Wednesday, May 25, 2011

Why Rocky V Wasn't That Great

I've always liked the first four films in the series, and at the end of the day, I think the fifth one is pretty good. I haven't seen the sixth one, but that's pretty well irrelevant. Here's my take on Rocky V.

Before he is a boxer, a husband, or a father, Rocky Balboa is a hero. This is hero image is presented in the first four films. It's formulaic, but people rather like it: Rocky wants to vanquish the Dark Lord (or his boxing opponent) to protect his family from the evil air (or poverty) that will befall them if he fails. However, Rocky knows that he's not strong enough to complete this quest alone. To succeed, he will need council from an Old Man. The first Old Man is Micky, the second Old Man is Apollo, and the third Old Man is Apollo's manager. With the great wisdom he receives from Old Man, Rocky successfully defeats the Dark Lord and light is restored to his financial status.

It's a timeless tale, and it's one that's particularly special to us humans. You could replace Rocky with Hercules, Bran, Cuchulainn, Perseus, Link, or whatever hero you like. However, Rocky V is a slight departure from the traditional Hero's narrative. Instead of an epic quest for justice, we get a sort of Hero's Drama. You can find parallel stories about most heroes. The film portrays Rocky in a transition stage. He is becoming less and less of a Hero, and becoming more and more like Old Man.

Since Rocky is now basically Old Man, it's only a matter of time before another aspiring Hero approaches him. Tommy Gunn is that aspirant. Old Man Rocky of course obliges to help Tommy on his quest to become the Hero. However, as Rocky accompanies the Hero on his quest to find his Holy Grail, his son becomes frustrated by his Old Man's absence. If left alone, who knows what will happen? Will Rocky's son become an anti-hero to stop these foolish quests for virtue? This sets the stage for the drama.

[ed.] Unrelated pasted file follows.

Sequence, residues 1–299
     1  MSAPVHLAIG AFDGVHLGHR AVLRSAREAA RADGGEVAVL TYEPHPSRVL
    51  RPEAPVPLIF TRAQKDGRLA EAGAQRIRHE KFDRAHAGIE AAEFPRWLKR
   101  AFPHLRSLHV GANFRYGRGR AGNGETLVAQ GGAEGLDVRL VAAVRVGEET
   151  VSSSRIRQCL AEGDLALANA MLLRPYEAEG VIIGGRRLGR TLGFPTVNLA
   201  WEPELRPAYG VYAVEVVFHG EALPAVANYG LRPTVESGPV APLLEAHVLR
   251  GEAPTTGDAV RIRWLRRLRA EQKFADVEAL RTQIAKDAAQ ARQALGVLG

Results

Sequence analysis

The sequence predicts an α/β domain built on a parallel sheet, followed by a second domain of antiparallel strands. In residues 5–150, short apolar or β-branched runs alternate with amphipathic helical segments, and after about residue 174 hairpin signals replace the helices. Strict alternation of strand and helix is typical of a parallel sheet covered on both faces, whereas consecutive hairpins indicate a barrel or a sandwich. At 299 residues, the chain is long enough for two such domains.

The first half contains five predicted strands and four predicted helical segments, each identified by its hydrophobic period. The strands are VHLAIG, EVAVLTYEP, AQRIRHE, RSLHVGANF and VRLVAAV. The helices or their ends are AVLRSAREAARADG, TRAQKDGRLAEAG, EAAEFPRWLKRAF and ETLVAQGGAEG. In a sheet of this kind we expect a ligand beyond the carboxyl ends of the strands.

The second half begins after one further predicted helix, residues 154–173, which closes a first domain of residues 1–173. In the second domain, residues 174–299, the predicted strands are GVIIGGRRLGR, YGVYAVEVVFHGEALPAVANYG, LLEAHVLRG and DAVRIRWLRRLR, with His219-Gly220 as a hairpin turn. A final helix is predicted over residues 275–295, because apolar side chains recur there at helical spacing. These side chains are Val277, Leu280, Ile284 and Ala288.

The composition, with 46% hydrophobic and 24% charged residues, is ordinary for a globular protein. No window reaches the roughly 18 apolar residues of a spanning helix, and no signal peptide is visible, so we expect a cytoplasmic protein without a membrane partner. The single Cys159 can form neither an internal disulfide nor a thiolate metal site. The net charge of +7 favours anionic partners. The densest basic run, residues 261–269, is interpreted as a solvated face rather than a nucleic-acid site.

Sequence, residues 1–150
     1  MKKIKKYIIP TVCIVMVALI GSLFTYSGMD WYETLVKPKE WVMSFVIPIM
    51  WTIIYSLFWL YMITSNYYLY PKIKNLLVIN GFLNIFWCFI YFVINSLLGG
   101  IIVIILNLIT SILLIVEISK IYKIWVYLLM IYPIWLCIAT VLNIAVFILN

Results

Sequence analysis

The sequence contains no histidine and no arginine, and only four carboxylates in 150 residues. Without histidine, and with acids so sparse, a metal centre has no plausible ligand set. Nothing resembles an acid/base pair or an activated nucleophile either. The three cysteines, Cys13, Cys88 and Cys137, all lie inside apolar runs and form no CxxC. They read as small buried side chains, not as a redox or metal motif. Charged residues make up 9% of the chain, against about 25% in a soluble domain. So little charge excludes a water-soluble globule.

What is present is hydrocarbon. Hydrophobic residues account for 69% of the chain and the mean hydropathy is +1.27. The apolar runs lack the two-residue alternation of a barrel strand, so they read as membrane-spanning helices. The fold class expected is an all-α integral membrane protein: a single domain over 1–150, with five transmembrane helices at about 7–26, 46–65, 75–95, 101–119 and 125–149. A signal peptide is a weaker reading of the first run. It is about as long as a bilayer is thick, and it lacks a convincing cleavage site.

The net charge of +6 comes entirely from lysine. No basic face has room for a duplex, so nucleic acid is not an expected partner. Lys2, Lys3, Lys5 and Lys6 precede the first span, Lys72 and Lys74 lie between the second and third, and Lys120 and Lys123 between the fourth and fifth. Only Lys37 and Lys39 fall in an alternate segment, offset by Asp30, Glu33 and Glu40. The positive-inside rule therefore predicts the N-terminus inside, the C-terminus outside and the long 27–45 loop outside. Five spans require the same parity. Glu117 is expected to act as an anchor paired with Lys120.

Meanwhile, Rocky assumes the entire role of Old Man, and he is convinced that Tommy Gunn is the Hero who will cast down the Heavyweight Champion. However, like Rocky's son, Tommy loses his way, and he ultimately falls to the Dark Side of the Business. This is where the film fails. Due to the fact that this story has been told a million times, Rocky needs to become the Hero once more and help the aspirant realize his destiny. His son will realize that his father is a great warrior, and that he should try to emulate his every action. After a battle between the Hero and the Aspirant, they work together to defeat the Dark Lord.

Rocky V did not do this. The aspirant Hero is cast aside. They try to compensate by making the aspirant look evil, as evidenced by the early aggression at the gym, as well as his punching of Pauly. However, Tommy doesn't come across as a Dark Lord, because he isn't. Since Rocky and Tommy never reconcile, the film feels incomplete.

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